Question about Lehi’s Descendants Being a “Dead Branch”


Question: Several church authorities have claimed that those who are called Lamanites today, some of whose traditions resemble temple ordinances in the restored church of Jesus Christ, are a “dead branch”—that today those traditions have no essential value, and that indigenous peoples should simply join the church and put those things away. Does that accord with the scriptures, or is this a “precept of men”?

Answer: If true, that simplistic response ignores important scriptural details that throw light on the relationship between the LDS church and indigenous peoples. It is true that when the ancient Lamanites overthrew the Nephites whose iniquity had become full, that branch of the olive tree in Zenos’ allegory died: “And the wild fruit of the last had overcome that part of the tree which brought forth good fruit, even that the branch had withered away and died” (Jacob 5:40).

In other words, the Nephites ceased to exist as a distinct nation or people, and all who survived their destruction would now be identified as Lamanites: “The Lamanites have hunted my people, the Nephites, down from city to city and from place to place, even until they are no more; and great has been their fall; yea, great and marvelous is the destruction of my people, the Nephites” (Mormon 8:7). And yet, though “there are none save it be the Lamanites and robbers that do exist upon the face of the land” (Mormon 8:9), “many of our brethren have deserted over unto the Lamanites, and many more will also desert over unto them” (Mormon 9:24).

That scenario, however, was confined mostly to what was called the Land Southward and its environs (Mormon 3:1–5:7), whereas over several centuries many communities of Nephites had migrated to the Land Northward. Those communities, moreover, kept their own records: “There are many records kept of the proceedings of this people, by many of this people, which are particular and very large, concerning them. . . . Behold, there are many books and many records of every kind, and they have been kept chiefly by the Nephites” (Helaman 3:13, 15).

Those northern records, therefore, account for a revelation through the prophet Joseph Smith that distinguishes between different end-time categories of Lehi’s descendants: “Inasmuch as the knowledge of a Savior has come unto the world, through the testimony of the Jews, even so shall the knowledge of a Savior come unto my people—And to the Nephites, and the Jacobites, and the Josephites, and the Zoramites, through the testimony of their fathers” (Doctrine & Covenants 3:17; cf. 4 Nephi 1:35–38). That is, through their own records and traditions that the northern communities kept and still preserve to this day—not through the Book of Mormon.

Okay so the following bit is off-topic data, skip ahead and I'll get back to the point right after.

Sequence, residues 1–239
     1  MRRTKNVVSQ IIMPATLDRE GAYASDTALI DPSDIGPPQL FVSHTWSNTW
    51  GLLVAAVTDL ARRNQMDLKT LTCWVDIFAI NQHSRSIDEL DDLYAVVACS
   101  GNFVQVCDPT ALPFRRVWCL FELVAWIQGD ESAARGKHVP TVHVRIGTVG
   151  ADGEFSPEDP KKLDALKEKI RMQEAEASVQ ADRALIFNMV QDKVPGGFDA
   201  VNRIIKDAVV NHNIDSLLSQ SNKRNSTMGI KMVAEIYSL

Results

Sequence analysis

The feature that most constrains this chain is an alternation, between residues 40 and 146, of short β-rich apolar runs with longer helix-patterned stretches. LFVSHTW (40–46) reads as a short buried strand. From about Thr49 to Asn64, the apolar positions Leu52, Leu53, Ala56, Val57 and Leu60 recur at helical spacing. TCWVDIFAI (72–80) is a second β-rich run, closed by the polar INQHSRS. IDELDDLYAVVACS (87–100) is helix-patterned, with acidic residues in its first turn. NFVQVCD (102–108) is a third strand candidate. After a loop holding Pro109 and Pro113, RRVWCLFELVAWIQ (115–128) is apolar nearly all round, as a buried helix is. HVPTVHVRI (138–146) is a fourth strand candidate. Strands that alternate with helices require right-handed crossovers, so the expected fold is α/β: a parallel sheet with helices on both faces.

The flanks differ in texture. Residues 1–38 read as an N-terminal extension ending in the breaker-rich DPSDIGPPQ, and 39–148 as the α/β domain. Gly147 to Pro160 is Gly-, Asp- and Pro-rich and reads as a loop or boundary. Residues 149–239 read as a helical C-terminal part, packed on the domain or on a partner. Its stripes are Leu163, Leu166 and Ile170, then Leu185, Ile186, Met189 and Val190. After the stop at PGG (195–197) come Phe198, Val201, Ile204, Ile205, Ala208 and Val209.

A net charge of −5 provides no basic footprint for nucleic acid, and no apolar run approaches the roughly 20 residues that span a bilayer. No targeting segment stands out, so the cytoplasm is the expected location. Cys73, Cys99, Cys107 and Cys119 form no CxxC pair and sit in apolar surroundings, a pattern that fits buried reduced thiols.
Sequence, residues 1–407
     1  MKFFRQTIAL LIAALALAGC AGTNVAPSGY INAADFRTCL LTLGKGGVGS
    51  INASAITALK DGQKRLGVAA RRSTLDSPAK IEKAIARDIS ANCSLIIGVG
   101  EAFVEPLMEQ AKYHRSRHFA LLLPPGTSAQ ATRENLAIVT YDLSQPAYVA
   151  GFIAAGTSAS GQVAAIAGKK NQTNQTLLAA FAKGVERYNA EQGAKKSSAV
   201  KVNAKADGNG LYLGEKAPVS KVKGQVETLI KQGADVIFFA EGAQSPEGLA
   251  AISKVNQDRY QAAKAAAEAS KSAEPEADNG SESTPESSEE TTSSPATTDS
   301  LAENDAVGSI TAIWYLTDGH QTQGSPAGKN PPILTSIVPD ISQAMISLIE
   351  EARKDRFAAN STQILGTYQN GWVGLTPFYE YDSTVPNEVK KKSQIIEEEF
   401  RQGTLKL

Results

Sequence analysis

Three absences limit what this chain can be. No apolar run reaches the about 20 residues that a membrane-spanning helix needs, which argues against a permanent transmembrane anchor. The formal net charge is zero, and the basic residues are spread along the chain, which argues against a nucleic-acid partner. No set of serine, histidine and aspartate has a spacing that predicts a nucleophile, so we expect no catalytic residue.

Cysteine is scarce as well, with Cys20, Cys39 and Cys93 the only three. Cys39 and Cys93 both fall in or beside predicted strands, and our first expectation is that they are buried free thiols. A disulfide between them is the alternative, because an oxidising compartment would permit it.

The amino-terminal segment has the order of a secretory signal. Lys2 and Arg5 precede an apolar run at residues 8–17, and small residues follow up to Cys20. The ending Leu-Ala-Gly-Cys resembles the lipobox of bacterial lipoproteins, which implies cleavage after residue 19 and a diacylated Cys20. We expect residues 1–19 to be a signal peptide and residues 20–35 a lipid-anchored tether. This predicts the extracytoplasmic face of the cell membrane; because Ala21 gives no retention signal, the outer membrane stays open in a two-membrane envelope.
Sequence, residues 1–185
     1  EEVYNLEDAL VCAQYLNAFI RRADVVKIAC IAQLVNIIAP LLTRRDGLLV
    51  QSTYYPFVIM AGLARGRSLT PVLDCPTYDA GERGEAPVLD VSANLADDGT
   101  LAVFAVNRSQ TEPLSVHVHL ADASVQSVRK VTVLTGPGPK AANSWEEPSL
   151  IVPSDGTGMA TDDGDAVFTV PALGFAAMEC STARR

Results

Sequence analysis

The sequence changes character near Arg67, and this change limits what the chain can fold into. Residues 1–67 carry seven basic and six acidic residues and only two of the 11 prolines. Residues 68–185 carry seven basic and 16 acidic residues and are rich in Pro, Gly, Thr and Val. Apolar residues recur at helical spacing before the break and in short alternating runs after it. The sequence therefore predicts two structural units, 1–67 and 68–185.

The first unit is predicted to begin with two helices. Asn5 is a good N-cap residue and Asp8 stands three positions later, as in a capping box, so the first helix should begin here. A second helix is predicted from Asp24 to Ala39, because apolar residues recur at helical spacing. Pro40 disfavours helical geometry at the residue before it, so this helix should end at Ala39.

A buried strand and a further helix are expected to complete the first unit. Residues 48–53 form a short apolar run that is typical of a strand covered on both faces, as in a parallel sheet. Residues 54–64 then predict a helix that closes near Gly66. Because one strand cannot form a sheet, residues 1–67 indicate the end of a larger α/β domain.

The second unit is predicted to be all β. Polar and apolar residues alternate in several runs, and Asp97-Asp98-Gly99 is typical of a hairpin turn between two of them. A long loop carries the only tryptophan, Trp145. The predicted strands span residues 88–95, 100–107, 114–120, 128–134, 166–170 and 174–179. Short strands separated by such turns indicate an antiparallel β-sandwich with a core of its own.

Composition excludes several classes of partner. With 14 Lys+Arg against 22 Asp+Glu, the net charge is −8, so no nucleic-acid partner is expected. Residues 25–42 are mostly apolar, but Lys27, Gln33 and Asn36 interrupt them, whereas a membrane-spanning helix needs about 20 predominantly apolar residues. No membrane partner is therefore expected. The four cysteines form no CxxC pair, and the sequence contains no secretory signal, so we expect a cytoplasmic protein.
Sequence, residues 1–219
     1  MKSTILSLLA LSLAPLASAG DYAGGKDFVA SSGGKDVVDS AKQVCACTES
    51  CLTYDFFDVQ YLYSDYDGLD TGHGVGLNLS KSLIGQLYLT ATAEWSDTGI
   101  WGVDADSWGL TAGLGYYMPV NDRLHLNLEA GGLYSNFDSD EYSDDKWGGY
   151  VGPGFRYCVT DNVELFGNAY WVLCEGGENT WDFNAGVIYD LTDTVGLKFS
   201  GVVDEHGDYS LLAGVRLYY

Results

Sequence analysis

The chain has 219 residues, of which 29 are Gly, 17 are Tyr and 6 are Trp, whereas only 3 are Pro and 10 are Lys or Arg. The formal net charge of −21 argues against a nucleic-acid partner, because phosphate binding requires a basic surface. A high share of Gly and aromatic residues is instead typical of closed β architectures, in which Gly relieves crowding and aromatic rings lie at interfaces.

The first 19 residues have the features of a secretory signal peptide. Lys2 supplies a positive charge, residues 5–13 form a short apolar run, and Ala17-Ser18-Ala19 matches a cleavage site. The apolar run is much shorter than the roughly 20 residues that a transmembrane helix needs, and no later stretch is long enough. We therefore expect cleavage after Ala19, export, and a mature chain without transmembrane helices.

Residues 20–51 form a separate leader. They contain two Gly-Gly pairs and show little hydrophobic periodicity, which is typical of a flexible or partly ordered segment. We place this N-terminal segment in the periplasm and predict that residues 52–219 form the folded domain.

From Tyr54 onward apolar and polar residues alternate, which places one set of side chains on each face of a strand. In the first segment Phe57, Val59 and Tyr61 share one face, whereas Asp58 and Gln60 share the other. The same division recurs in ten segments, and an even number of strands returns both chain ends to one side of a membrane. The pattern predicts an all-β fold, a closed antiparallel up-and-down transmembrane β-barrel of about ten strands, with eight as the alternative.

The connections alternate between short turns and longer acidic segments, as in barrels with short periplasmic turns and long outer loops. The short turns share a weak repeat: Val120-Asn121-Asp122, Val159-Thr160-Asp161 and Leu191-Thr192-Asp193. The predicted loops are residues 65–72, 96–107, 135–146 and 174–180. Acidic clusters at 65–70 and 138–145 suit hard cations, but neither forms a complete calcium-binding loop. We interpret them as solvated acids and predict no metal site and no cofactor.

As for the Book of Mormon, that record was explicitly written for those of Lehi’s descendants who had “dwindled in unbelief”: “And this testimony [that is, the Book of Mormon] shall come to the knowledge of the Lamanites, and the Lemuelites, and the Ishmaelites, who dwindled in unbelief because of the iniquity of their fathers” (Doctrine & Covenants 3:18); “Wherefore, it is an abridgment of the record of the people of Nephi, and also of the Lamanites—Written to the Lamanites, who are a remnant of the house of Israel” (Book of Mormon Title Page).

The Nephite identity of many indigenous peoples today may also account for the end-time descendants of Lehi being identified as Nephites, not as Lamanites: “And it shall come to pass that the Jews shall have the words of the Nephites, and the Nephites shall have the words of the Jews; and the Nephites and the Jews shall have the words of the lost tribes of Israel; and the lost tribes of Israel shall have the words of the Nephites and the Jews. And it shall come to pass that my people, which are of the house of Israel, shall be gathered home unto the lands of their possessions; and my word also shall be gathered in one. . . .” (2 Nephi 29:13–14).

If ancient records from any source—including Nephites in the Land Northward—can definitively be identified as scripture, shall they not be honored as are those of other natural branches and not rejected or even opposed? “. . . . And I will show unto them that fight against my word and against my people, who are of the house of Israel, that I am God, and that I covenanted with Abraham that I would remember his seed forever” (2 Nephi 29:14). Who is to say that such records containing God’s word are not to come forth in his own due time (1 Nephi 13:39–42)?

If the Gentiles—who have no spiritual heritage except through the house of Israel—“boast against the [natural] branches” (Romans 11:1–36)—in this case, against Nephites who remain to this day—what claim have they over the natural branches who are grafted back into their mother tree (Jacob 5:52)? Surely, such grafting isn’t through a directive to give up sacred traditions and join the church but rather through diligent nurture by God’s servants, the Gentiles’ spiritual kings and queens (Isaiah 49:22–23; Jacob 5:61; cf. 2 Nephi 10:7–9). In the end, those are the Gentiles who are “numbered among the house of Israel,” not the other way around (2 Nephi 10:18).

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